The Art of the Cards

Philosophical musings on poker and life

  1. 2008-03-18 20:58:44

    Supplements to elevate your play

    I found this one on a weightlifting site, but it was originally published in Poker Player magazine in the UK. From poker to weights and back to its rightful home. Mostly stuff you already knew, but definitely some shit that could pick you up a step. Here it is.

    Posted by Graham at 2008-03-18 20:58:44 | permalink | Discuss (7 comments)

  2. 2008-03-05 00:13:16


    I've been out of the cards for a while now, so I've been looking for a way to ease myself back into them slowly. The perfect opportunity arose when my girlfriend's coworkers got together for a $5 NL Hold 'Em tournament and invited me. This turned out to be standard poker night fare: drinking, bullshitting and general amiability. Some players needed cheat sheets, you know, the kind that tell you trips beat two pair. Several had never played poker before. The action was light and the calling stations were heavy. Somewhere in between a layup and a free throw, really. Just what I was looking for.

    The tournament started with T500, the blinds at 1/2. The field was six players, but ended up at 11 on two tables by the time everyone was there.

    I did some observing right off and initially raises were small indeed. Min raises were the norm, followed in a distant second by comically large raises. The kind you get when people just want to see what that 25 chip does. The first hand I pick up is AK offsuit on the big blind. Something like 4 people limped, so I made it eight to go. All but one call. Flop comes: AK4, two hearts (no hearts for me). I think about it and decide to see what the 25 chip does. It gets me one caller. The turn is a random blank and he calls my 50. The river brings another blank, so I bring another 50 that gets called. Turns out he has a weak K with no flush draw. I have a premonition of getting sucked out of the tournament against something like that as I drag the pot.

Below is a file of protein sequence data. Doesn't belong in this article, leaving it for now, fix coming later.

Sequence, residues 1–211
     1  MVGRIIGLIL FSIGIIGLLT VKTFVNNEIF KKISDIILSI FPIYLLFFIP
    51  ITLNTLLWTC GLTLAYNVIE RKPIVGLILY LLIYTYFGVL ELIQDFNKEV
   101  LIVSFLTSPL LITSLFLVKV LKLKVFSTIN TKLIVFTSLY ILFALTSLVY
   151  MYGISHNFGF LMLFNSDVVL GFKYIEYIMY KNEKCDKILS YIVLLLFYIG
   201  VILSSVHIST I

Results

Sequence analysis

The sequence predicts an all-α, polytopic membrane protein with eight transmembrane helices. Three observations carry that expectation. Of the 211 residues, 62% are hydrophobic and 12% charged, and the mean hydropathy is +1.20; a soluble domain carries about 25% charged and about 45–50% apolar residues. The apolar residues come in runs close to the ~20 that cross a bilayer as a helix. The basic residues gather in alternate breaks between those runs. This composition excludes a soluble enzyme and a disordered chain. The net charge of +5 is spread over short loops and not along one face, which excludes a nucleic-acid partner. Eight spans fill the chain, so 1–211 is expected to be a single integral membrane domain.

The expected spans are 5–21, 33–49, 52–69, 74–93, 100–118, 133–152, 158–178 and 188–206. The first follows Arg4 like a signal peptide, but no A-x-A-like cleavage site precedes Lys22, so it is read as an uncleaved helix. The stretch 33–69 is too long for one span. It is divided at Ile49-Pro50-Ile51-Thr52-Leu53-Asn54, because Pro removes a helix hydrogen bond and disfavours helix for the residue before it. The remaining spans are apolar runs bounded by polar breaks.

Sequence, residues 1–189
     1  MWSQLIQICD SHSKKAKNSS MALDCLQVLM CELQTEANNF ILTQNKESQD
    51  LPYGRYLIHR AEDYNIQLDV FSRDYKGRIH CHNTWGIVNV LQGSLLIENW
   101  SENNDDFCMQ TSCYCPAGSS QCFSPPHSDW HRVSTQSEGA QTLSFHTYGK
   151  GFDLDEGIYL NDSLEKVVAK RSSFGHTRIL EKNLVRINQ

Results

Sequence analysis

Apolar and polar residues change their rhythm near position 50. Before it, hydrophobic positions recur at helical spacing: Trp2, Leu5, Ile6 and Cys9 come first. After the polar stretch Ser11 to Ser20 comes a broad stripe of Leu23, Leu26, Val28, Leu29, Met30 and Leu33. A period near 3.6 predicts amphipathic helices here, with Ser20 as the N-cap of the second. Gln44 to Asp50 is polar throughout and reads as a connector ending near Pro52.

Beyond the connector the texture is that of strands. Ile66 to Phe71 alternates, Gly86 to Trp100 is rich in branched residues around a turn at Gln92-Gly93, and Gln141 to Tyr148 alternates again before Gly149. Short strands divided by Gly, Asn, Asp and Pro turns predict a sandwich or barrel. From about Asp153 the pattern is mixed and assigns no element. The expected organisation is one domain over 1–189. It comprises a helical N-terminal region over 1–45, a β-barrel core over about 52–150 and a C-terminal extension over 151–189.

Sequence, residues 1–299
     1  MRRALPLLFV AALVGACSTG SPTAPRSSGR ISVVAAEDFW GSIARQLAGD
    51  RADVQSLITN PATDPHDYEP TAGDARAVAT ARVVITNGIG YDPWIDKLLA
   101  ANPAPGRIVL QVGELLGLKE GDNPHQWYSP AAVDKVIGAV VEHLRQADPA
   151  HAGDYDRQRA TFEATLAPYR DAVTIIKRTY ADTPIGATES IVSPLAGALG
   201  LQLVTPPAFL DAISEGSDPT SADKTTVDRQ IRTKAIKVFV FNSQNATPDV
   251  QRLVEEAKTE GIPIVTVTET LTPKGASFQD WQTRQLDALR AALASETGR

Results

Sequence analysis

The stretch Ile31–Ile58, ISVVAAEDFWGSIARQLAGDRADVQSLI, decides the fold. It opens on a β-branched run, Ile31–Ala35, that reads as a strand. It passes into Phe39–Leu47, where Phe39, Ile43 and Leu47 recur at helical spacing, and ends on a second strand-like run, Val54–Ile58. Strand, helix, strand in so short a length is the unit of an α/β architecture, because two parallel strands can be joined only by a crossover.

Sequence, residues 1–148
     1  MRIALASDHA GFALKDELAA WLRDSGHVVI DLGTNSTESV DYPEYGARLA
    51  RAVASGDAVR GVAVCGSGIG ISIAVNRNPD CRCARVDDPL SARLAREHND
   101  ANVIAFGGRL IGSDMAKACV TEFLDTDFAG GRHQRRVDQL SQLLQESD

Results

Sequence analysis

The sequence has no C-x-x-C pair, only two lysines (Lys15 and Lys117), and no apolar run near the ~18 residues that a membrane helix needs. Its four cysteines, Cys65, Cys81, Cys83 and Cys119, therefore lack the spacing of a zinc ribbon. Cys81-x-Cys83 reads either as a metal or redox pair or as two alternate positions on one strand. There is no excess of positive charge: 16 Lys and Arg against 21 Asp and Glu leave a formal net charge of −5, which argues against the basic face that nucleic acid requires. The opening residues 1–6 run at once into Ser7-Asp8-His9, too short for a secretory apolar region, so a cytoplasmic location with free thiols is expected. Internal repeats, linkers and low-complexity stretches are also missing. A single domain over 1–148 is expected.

Things are quiet for a bit as I settle into a tight-aggro mode for a bit. I observe people overbetting underpairs and limping in with AA and KK with astonishing frequency. I practice my reads. The fish who stares you down has nothing. I call for the win. The fish who can't take his eyes off the pot after min betting probably has it. I call with third pair just to make sure =). I like to look toward the pot, but see my opponent in the periphery. Sort of like the pot is one of those magic eye pictures. Relax the eyes, focus on nothing, but see everything. I steal some blinds and make some small moves.

    My next eventful hand is several blind increases later. The table is five-handed and when two more get taken out we merge. Blinds are 5/10. I have the chip lead, but no one is that far behind and only two are in real danger of elimination. I pick up QQ under the gun and make it $30 and get two callers. Flop comes T94 two hearts (again, no hearts for me). I think a bit and make it 100. At this point, I figure my opponents for hopeless chasers on all straights and flushes, so this bet represents the maximum I think they'd call, though they probably shouldn't. I get one caller. The turn comes Jh. Hooray for the straight and the flush that I have no part of. I check. So does he. I realize my mistake and hope it doesn't cost me on the river, which is a black 5. My opponent reacts in a way that makes me check to him. He bets out 100. I am perplexed. He says something about the five not helping me I figure him for T5, but why would he call 100 on the flop. Because that's what this table has been doing. I call and he shows pocket fives! Damn. That loss took a lot of my chips, but luckily the blinds are still reasonable for me to not go into all in mode. I kick myself for missing that turn bet and move on, tighter and more aggressive.